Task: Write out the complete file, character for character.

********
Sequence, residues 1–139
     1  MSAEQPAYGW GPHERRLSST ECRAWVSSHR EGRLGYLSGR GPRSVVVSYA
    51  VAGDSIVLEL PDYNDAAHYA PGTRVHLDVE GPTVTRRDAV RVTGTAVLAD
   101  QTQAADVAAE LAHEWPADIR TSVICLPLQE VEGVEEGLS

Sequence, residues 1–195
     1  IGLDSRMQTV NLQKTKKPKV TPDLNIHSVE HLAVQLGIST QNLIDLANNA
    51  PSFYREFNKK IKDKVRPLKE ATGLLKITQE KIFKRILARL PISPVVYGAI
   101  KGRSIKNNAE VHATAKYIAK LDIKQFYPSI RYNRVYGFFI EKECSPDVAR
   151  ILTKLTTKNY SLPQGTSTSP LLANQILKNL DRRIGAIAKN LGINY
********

Sequence, residues 1–139
     1  MSAEQPAYGW GPHERRLSST ECRAWVSSHR EGRLGYLSGR GPRSVVVSYA
    51  VAGDSIVLEL PDYNDAAHYA PGTRVHLDVE GPTVTRRDAV RVTGTAVLAD
   101  QTQAADVAAE LAHEWPADIR TSVICLPLQE VEGVEEGLS

Sequence, residues 1–195
     1  IGLDSRMQTV NLQKTKKPKV TPDLNIHSVE HLAVQLGIST QNLIDLANNA
    51  PSFYREFNKK IKDKVRPLKE ATGLLKITQE KIFKRILARL PISPVVYGAI
   101  KGRSIKNNAE VHATAKYIAK LDIKQFYPSI RYNRVYGFFI EKECSPDVAR
   151  ILTKLTTKNY SLPQGTSTSP LLANQILKNL DRRIGAIAKN LGINY